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Supreme Court says states can limit FOIA laws to citizens

Posted: May 1, 2013 | Tags: FOIA

The Supreme Court ruled this week that states are not required to extend their Freedom of Information act coverage to people who are not citizens of the state. The unanimous opinion also held, once again, that access to government information is not a fundamental right.

The case arose after two non-Virginians sought information under the Virginia FOIA law, which specifically says it applies to citizens of Virginia. One had sought access to information as to why the processing for a child support claim took so long. He was able to obtain much of the information under another provision of Virginia law. The other wanted to get real estate assessment records from Henrico County as part of his business of selling public records. Those records are available online.

Even though they had access to most of the information, the plaintiffs sued the state alleging the distinction between citizens and non-citizens violates the Constitution. The plaintiffs lost their cases in federal appeals court, including the Fourth Circuit Court of Appeals. In 2006, the Third Circuit Court of Appeals had ruled that state FOIA laws could not distinguish between citizens and non-citizens. The Supreme Court agreed to take the case in order to resolve the two opinions.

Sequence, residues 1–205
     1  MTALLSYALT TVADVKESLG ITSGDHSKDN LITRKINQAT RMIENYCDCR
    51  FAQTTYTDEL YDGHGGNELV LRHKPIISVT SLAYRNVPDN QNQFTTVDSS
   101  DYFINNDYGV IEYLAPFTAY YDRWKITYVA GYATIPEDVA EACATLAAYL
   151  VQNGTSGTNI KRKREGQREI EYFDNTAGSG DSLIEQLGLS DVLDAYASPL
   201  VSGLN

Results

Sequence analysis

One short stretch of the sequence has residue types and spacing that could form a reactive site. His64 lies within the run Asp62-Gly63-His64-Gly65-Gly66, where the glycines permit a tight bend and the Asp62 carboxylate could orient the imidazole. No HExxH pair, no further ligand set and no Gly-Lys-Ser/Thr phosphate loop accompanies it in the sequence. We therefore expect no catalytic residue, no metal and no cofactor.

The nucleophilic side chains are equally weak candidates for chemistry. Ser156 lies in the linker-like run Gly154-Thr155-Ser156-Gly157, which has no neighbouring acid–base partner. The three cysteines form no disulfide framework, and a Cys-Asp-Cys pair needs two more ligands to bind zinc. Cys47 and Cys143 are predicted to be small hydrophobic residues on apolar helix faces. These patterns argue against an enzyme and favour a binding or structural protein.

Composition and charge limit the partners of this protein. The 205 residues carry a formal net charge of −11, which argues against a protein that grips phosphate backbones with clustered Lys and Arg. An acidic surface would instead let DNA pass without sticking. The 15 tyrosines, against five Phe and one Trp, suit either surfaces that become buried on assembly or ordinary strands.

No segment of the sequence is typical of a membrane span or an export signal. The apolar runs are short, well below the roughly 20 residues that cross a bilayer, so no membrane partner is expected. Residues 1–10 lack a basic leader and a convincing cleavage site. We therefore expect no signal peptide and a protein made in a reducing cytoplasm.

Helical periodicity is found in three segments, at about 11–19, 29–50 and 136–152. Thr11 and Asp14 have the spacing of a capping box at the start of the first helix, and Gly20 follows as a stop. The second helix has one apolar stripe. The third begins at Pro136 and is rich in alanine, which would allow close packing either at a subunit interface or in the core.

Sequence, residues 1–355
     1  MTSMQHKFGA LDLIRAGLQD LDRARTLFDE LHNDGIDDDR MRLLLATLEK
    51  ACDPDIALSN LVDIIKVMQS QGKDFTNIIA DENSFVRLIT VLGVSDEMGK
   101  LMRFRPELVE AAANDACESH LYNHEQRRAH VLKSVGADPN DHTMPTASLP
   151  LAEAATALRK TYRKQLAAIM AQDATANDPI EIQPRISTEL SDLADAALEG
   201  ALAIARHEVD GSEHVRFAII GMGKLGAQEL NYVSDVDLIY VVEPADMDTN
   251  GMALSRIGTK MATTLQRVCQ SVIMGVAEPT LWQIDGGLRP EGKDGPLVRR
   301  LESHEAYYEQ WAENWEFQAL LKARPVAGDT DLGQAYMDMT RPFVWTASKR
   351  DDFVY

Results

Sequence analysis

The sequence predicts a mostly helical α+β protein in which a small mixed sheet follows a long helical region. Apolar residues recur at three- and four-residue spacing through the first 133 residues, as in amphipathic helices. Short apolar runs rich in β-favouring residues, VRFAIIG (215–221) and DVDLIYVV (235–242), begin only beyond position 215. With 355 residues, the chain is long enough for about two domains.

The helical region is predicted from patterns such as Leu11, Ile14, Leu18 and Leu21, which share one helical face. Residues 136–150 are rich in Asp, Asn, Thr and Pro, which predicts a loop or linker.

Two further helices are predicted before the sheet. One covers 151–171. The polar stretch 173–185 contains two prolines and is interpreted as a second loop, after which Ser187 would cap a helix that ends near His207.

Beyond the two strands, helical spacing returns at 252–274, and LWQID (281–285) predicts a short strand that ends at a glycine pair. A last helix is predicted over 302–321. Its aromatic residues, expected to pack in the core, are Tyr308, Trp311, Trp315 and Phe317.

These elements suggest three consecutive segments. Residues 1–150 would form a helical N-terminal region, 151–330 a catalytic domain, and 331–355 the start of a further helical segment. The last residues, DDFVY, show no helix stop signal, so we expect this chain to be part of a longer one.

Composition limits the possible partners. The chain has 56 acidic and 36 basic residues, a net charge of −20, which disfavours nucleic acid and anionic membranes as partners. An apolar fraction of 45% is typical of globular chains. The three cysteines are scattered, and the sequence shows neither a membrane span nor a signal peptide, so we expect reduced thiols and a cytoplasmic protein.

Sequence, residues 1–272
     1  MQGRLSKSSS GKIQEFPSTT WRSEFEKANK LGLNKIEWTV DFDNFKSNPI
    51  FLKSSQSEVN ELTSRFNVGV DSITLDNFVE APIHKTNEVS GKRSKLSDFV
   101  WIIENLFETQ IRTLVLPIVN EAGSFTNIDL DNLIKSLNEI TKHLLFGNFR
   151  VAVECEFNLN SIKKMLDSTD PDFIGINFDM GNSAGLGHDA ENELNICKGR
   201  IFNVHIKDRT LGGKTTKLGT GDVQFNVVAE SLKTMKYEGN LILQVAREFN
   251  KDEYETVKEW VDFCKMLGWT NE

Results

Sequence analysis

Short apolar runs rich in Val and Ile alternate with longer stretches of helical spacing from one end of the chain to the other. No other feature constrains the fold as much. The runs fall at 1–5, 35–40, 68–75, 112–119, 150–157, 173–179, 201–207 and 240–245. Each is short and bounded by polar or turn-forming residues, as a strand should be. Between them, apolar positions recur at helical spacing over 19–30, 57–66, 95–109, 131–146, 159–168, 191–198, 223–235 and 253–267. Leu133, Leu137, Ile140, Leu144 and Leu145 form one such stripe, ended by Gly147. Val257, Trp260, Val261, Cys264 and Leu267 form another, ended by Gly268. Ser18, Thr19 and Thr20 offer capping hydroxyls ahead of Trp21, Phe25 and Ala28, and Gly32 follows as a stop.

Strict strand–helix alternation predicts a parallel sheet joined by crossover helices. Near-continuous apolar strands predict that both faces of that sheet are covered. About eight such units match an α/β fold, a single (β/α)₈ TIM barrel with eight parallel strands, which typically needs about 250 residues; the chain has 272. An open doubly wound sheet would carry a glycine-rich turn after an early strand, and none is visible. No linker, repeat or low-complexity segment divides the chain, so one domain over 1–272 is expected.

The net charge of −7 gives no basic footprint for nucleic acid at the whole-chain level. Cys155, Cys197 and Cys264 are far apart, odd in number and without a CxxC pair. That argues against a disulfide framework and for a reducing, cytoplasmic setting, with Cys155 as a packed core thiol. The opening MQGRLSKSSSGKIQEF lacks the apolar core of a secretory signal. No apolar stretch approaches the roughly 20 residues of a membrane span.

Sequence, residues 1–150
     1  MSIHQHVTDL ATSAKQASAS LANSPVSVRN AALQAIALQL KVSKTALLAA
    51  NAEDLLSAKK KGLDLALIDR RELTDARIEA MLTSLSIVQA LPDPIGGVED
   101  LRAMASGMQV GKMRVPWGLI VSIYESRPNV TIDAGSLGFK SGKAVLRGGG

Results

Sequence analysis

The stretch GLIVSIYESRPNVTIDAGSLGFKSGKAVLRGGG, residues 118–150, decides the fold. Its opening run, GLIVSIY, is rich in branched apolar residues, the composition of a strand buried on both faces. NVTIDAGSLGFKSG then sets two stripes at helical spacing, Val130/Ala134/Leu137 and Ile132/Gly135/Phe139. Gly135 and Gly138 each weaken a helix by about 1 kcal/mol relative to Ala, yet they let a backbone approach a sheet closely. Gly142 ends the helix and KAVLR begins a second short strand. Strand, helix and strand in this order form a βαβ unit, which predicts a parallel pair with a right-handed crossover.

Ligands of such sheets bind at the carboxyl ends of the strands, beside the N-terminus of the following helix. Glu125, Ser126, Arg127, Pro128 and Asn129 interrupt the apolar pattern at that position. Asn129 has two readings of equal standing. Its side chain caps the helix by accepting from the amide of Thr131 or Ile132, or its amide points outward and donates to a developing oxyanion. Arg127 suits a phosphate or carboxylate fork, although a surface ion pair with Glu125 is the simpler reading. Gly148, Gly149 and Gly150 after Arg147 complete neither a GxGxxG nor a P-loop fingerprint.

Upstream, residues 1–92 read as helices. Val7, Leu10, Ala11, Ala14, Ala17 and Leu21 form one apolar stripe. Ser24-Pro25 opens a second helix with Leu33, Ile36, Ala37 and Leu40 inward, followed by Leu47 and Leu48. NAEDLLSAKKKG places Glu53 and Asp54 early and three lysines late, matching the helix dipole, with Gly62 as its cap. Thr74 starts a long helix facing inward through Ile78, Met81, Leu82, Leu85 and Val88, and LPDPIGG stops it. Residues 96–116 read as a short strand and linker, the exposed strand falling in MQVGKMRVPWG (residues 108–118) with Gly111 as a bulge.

Justice Samuel Alito, writing for a surprisingly unanimous court, said:  “…We reject petitioners’ sweeping claim that the challenged provision of the Virginia FOIA violates the Privileges and Immunities Clause because it denies them the right to access public information on equal terms with citizens of the Commonwealth. We cannot agree that the Privileges and Immunities Clause covers this broad right. This Court has repeatedly made clear that there is no constitutional right to obtain all the information provided by FOIA laws.”

Effectively, the court was saying — as it has many times in the past — that access to government information is a privilege that can be regulated largely as governments see fit. Unfortunately, we have seen too many examples at all levels of government that regulation often means protecting the interests of public officials over the public at large. In today’s ultra-connected world full of increasingly mobile “citizens,” making it more difficult to obtain information about government activities makes little sense.


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